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Testing for Multiple Markers Better Predicts Type 1 Diabetes Onset

Nov 1, 2005

By testing for cytoplasmic islet-cell antibodies (ICAs) along with other biomarkers of type 1 diabetes mellitus, researchers have found that the ability to predict which first-degree relatives are likely to develop type 1 diabetes themselves is greatly improved

The "gold standard" predictive marker for type 1 diabetes, ICA has lost favor with clinicians because of the semiquantitative nature of the test and the subjectivity of its interpretation, Dr. Dorothy J. Becker said during her presentation.

Because they are easier to perform and interpret, radiobinding assays for detecting autoantibodies to glutamic acid decarboxylase (GAD)65, neuroendocrine antigen (IA-2) and insulin autoantibodies have become the preferred screening strategy for identifying individuals at risk.

To see if there is still a role for testing ICAs in at-risk individuals, Dr. Becker and colleagues from the University of Pittsburgh examined a cohort of 1484 first-degree relatives of type 1 diabetes probands treated at Children’s Hospital of Pittsburgh between 1979 and 1984 and followed for up to 22 years. They were tested for all four autoantibodies.

Individuals testing positive for two of the biochemical markers had a 14% risk of developing type 1 diabetes after 10 years. However, among those who were also ICA-positive, the risk was 80% after just 6.7 years.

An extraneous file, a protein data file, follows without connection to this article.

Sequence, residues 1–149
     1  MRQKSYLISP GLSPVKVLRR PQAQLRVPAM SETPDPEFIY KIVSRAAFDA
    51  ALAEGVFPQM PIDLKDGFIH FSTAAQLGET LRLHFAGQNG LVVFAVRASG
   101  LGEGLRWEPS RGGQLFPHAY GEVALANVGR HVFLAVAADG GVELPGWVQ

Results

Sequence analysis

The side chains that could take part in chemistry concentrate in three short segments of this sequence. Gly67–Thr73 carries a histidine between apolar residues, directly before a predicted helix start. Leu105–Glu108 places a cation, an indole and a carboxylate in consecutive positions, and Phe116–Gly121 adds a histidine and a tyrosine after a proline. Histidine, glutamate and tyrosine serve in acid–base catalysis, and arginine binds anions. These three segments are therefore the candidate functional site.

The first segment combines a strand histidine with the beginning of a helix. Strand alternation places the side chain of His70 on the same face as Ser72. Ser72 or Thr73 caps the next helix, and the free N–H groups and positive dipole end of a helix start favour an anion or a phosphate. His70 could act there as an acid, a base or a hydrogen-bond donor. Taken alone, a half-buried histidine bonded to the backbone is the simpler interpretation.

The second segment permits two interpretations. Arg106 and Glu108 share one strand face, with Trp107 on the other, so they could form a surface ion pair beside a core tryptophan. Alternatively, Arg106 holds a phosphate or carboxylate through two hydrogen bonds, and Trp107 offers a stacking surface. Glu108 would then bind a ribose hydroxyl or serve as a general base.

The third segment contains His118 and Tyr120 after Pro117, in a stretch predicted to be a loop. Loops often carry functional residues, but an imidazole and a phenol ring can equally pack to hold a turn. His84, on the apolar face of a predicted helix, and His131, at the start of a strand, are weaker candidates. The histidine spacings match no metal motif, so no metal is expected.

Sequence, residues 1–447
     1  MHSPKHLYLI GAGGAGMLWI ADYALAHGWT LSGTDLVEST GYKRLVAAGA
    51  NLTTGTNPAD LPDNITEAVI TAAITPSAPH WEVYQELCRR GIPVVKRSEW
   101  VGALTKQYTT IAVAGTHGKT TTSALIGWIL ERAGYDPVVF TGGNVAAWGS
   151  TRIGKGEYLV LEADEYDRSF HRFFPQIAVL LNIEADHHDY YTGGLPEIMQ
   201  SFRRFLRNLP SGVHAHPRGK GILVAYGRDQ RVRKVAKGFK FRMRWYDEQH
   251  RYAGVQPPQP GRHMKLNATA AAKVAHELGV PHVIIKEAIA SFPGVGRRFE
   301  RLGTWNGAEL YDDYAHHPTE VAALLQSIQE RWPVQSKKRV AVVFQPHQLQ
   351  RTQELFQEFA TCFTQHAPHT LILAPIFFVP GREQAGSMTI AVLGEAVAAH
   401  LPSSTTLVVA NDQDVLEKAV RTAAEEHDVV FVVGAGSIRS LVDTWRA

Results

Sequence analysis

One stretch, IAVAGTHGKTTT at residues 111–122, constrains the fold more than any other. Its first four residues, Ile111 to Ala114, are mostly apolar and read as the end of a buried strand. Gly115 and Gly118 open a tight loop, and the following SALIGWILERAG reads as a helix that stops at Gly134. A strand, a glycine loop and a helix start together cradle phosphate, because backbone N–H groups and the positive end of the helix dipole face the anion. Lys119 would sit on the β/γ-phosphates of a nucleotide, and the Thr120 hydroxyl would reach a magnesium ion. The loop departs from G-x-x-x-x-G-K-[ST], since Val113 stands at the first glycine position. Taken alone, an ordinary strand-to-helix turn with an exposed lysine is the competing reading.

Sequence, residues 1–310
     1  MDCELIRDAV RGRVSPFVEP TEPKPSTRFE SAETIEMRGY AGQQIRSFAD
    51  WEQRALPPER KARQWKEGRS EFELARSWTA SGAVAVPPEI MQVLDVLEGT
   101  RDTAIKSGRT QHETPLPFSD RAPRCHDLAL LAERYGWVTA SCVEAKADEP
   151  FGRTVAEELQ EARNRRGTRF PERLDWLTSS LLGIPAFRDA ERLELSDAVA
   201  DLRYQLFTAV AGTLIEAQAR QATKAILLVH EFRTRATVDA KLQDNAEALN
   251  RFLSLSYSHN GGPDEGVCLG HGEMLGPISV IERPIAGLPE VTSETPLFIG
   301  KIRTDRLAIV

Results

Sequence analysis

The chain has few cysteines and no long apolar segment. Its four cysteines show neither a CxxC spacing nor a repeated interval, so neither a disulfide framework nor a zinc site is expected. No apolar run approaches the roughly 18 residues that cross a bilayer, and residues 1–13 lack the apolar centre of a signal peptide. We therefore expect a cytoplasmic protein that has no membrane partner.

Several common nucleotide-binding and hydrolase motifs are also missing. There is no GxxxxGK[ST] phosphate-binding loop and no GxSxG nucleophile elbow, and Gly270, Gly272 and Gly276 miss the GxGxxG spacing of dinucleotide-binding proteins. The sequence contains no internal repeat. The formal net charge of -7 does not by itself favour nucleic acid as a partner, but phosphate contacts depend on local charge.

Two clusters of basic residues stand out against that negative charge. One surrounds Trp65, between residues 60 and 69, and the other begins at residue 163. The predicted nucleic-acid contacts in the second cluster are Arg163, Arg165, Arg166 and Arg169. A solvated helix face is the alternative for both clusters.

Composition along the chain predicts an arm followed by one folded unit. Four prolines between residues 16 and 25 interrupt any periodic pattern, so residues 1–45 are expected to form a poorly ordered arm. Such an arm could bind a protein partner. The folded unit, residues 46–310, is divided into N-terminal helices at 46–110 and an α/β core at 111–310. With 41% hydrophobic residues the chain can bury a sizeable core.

Identifying risk, Dr. Becker noted, will enable people at risk to enroll in clinical trials of vaccines or other measures to prevent or slow the onset of type 1 diabetes.

One currently underway with which Dr. Becker is involved, the Trial to Reduce Insulin dependent diabetes in the Genetically at Risk (TRIGR), is testing the theory that feeding infants at risk with hydrolyzed formula once they are weaned from breast milk will prevent the disease. Initial studies in diabetic NOD mice have shown that this early intervention significantly postpones disease onset.

"Ideally, the current concept is to screen with the biochemical assays, then if they are positive for even one, the ICA should be measured.”

Anyone interested in participating in the TRIGR trial can find more information at
Presented at the annual AMA Media Briefing on Diabetes.


People who exercise in middle age are far less likely to develop Alzheimer’s disease and other types of dementia when they are older: Doctors have long realized that regular exercise could prevent and control high blood pressure, diabetes and heart disease. But a few recent studies, including the newest one, have pointed to the more startling finding that exercise can protect against the development of senility, even many years later. In a study published last week, researchers checked for dementia or Alzheimer’s in a group of nearly 1,500 patients 65 and older whose exercise habits have been monitored for nearly 35 years. To the researchers’ surprise, they found that people who engaged in leisure time physical activity at least twice a week as they passed through middle age had a 50 percent lower chance of developing dementia and a 60 percent lower chance of developing Alzheimer’s disease, compared with more sedentary people. "If an individual adopts an active lifestyle in youth and at midlife, this may increase their probability of enjoying both physically and cognitively vital years later in life," said Dr. Miia Kivipelto of the Aging Research Center of Karolinska Institute in Stockholm, Sweden, and the main author of the study. journal Lancet Neurology, Oct 18, 2005



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